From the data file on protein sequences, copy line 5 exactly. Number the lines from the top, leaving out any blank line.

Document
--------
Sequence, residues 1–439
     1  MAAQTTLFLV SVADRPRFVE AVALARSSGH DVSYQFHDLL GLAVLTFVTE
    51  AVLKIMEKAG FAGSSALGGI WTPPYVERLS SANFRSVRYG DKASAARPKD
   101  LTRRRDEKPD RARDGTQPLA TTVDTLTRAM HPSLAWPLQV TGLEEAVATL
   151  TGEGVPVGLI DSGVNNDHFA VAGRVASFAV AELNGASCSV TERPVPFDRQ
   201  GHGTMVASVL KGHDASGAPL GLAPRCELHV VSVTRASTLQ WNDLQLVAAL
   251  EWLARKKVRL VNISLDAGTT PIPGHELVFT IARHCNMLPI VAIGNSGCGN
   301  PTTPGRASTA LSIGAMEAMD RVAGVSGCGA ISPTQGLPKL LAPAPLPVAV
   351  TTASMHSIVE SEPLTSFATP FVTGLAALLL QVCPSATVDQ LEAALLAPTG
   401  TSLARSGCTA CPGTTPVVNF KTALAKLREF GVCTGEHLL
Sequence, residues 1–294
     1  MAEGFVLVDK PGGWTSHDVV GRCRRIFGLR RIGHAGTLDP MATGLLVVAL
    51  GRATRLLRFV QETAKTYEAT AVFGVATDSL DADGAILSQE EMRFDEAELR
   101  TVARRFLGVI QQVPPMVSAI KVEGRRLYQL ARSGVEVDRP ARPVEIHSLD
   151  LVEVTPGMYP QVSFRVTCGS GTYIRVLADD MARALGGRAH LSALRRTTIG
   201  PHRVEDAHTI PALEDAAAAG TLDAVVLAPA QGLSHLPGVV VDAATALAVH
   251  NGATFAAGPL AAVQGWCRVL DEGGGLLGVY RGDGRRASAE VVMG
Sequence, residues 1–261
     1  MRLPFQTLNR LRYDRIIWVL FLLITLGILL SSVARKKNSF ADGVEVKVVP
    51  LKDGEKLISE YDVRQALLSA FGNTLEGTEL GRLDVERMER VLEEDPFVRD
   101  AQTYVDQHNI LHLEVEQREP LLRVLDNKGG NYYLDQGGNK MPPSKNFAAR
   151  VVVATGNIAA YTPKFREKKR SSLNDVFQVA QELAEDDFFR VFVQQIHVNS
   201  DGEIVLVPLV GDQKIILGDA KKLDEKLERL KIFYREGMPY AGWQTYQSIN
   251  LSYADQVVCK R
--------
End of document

   151  TGEGVPVGLI DSGVNNDHFA VAGRVASFAV AELNGASCSV TERPVPFDRQ